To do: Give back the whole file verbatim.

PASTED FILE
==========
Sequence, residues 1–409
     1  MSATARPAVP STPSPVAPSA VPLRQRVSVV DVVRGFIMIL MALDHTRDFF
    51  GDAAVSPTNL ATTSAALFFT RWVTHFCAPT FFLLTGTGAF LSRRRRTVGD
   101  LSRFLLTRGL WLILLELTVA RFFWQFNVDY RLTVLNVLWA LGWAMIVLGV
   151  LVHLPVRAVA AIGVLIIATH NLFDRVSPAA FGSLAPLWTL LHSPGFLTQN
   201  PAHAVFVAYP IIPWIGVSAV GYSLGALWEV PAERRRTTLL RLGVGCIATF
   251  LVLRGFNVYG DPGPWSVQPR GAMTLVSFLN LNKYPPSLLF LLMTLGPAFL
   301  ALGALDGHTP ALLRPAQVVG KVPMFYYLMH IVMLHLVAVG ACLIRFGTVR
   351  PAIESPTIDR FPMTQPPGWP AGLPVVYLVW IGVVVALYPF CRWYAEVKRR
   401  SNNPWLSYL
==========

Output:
Sequence, residues 1–409
     1  MSATARPAVP STPSPVAPSA VPLRQRVSVV DVVRGFIMIL MALDHTRDFF
    51  GDAAVSPTNL ATTSAALFFT RWVTHFCAPT FFLLTGTGAF LSRRRRTVGD
   101  LSRFLLTRGL WLILLELTVA RFFWQFNVDY RLTVLNVLWA LGWAMIVLGV
   151  LVHLPVRAVA AIGVLIIATH NLFDRVSPAA FGSLAPLWTL LHSPGFLTQN
   201  PAHAVFVAYP IIPWIGVSAV GYSLGALWEV PAERRRTTLL RLGVGCIATF
   251  LVLRGFNVYG DPGPWSVQPR GAMTLVSFLN LNKYPPSLLF LLMTLGPAFL
   301  ALGALDGHTP ALLRPAQVVG KVPMFYYLMH IVMLHLVAVG ACLIRFGTVR
   351  PAIESPTIDR FPMTQPPGWP AGLPVVYLVW IGVVVALYPF CRWYAEVKRR
   401  SNNPWLSYL